SYDNEY, New South Wales, Australia — Recap by Race Chaser Online Managing Editor Jacob Seelman — V8 Supercars photo —
They say it doesn’t matter how you win a race, but rather that you win it — and that was the case for V8 Supercars champion-elect Jamie Whincup during the second 125 km sprint of the Sydney NRMA 500.
Whincup claimed the victory in a race shortened by 14 laps due to a torrential downpour that moved through the Sydney area and wreaked havoc with the Sydney Olympic Park circuit during Race 37 of the V8 Supercars Championship.
Whincup took the lead on the initial start with a thrilling four-wide move to the inside, shooting past polesitter Jason Bright to go from fourth to first in one corner and building up a seven second advantage before rain started to fall on lap 12 that brought several cars, including Whincup’s teammate Craig Lowndes, to the pit lane for wet tires.
However, it wasn’t until lap 16, when Whincup and Scott McLaughlin came down for their wet tires, that rain began pouring down in buckets — causing new leader Jason Bright, Shane van Gisbergen and others to slip and slide around before making it down pit road for service and fresh tires on their machines.
Once Whincup cycled through back to the lead, the caution was displayed and the Safety Car deployed on lap 18 when David Wall, who stayed out on slicks, smacked the wall with both ends of his Dick Johnson Racing Ford Falcon as the rain began flooding several areas of the race track.
The race was finally red flagged at halfway, with 19 of 37 laps completed, and the cars brought down pit road with Whincup, van Gisbergen, McLaughlin, Bright and Mark Winterbottom the top five at the time of the red flag.
After a 23-minute stoppage, the race resumed under Safety Car conditions on lap 20 of 37, making the show official as being one lap beyond the halfway point — and then completed three additional laps under yellow before hitting the time limit and being officially called with 23 of the scheduled 37 laps going into the record books and the top five remaining as they came in at the time of the red flag — with Whincup on top.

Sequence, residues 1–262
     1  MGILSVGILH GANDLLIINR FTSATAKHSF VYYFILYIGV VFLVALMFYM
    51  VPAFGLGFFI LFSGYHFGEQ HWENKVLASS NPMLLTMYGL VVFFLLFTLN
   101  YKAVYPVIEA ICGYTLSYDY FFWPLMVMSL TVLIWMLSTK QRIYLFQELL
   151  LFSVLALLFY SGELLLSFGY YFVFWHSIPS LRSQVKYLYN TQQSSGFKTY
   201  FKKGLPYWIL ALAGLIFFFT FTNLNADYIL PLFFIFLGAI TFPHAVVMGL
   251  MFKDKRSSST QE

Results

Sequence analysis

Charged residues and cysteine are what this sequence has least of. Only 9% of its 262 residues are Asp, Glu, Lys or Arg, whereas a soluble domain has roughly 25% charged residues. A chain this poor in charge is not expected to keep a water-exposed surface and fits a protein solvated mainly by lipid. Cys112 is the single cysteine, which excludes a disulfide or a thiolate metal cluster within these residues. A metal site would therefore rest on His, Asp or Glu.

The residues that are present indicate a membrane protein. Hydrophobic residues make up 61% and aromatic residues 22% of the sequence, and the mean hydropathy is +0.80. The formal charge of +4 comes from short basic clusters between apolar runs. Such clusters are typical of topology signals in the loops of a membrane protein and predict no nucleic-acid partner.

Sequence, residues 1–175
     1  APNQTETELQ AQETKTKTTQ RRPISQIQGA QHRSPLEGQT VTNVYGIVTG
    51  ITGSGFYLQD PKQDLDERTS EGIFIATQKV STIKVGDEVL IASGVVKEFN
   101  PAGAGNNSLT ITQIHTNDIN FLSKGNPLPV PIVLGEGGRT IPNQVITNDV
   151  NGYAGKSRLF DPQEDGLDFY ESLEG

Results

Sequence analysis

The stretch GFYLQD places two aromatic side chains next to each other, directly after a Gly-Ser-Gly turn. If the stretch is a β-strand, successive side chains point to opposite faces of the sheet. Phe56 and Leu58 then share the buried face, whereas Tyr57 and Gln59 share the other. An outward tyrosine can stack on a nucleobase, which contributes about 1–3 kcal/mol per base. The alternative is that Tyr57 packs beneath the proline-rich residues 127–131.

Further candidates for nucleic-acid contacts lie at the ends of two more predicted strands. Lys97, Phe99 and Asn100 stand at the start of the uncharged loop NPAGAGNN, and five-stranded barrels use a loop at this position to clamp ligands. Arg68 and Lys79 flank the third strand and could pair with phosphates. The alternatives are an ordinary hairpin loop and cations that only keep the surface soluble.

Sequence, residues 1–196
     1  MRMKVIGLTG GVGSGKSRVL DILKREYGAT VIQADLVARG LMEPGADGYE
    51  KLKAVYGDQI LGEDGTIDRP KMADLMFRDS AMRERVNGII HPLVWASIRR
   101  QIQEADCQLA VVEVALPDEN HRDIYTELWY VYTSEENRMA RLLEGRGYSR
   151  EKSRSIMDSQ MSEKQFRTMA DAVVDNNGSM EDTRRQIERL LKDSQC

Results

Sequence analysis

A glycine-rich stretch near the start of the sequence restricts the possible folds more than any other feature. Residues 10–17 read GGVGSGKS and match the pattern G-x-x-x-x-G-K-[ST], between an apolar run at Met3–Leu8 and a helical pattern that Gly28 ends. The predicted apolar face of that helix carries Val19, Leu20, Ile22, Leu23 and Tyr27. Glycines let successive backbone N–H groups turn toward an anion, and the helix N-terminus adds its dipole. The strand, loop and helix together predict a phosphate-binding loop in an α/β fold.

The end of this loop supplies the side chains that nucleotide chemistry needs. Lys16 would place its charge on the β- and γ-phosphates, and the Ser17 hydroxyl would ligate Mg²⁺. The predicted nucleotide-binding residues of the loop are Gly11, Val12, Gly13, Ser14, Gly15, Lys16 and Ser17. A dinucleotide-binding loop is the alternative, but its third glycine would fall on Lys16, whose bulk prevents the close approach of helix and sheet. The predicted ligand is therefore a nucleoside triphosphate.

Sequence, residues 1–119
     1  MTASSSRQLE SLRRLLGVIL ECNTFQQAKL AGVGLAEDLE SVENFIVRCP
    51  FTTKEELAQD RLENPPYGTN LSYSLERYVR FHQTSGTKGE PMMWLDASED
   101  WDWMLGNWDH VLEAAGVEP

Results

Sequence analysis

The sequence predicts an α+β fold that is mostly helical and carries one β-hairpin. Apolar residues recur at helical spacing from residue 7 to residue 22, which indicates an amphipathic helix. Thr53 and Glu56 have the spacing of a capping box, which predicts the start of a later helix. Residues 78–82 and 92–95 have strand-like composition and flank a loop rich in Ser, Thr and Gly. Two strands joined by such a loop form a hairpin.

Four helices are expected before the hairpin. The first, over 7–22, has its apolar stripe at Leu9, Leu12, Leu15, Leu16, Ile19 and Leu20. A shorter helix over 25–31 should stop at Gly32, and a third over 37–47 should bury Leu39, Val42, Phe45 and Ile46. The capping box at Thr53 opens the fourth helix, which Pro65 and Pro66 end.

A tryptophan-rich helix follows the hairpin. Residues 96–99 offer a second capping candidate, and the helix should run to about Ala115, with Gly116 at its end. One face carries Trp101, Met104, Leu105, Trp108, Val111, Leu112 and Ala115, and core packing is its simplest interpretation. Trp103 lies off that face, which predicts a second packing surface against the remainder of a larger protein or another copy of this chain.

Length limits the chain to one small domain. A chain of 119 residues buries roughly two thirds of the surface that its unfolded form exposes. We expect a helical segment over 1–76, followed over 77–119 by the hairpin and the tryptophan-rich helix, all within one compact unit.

The victory was Whincup’s 89th career V8 Supercars Championship triumph, moving him within one victory of tying Mark Skaife for second on the all-time wins list, and his 14th win of the 2014 season.
“The race was obviously really before the rain came down,” Whincup said after returning to the pit lane. “We got a really good start and we [came] in at the right time for the tires and put ourselves in front. Credit where credit’s due to race control — I thought they were going to restart it there which would have been complete carnage so they did a good job.”
“Looking forward to tomorrow though — I think the sun will be out tomorrow and we’ll go hard.”
Van Gisbergen said his second place run was appreciated, but that even he wouldn’t have wanted to go back green in the conditions presented.
“That was not safe, restarting that, so they made the right call there,” van Gisbergen expressed upon climbing from his car. “Would have been good to see a race finish [under green], but that’s the way it goes sometimes.”
“I’m still pretty excited about some good points today though — we got to sixth from 18th [in the first race] and then we finished second there so it’s pretty good and we’ll see what tomorrow brings.”
Scott McLaughlin rounded out the podium in third, with Bright and Winterbottom the rest of the top five. Winterbottom said conditions were just as horrendous as they appeared to fans who may have been watching.
“The puddles on the track [were] bigger than swimming pools, I [didn’t] want to go back out there,” Winterbottom said of the weather and the circuit.
James Courtney, Tim Slade, Michael Caruso, Scott Pye and Garth Tander made up the rest of the top ten.
With his finish, van Gisbergen moved ahead of Craig Lowndes in the championship standings, taking over the third spot in points by 26 markers with only the 250 km finale race remaining to be run. SvG is 87 points out of second in the standings, held by Winterbottom.
Lowndes, who got into Marcos Ambrose on the start and sent the Tasmanian spinning, was stunned by the severity of the weather when it struck the circuit. He finished 20th in his Red Bull Holden Commodore.
“That’s probably the worst conditions I’ve even been in,” Lowndes said. “There [were] rivers everywhere. It was unbelievable really — if it hadn’t been for the cars in front of me I wouldn’t have known where the track went.”
Ambrose managed to rebound and pass a couple of cars when pit stops began to cycle, ultimately finishing 21st.
The finale for the 2014 V8 Supercars Championship, Race 38 of the season, kicks off at 11:00 a.m. local time on Sunday with ARMOR ALL Pole Qualifying, followed by the Top Ten Shootout at 1:30 p.m. and the race at 3:40 p.m.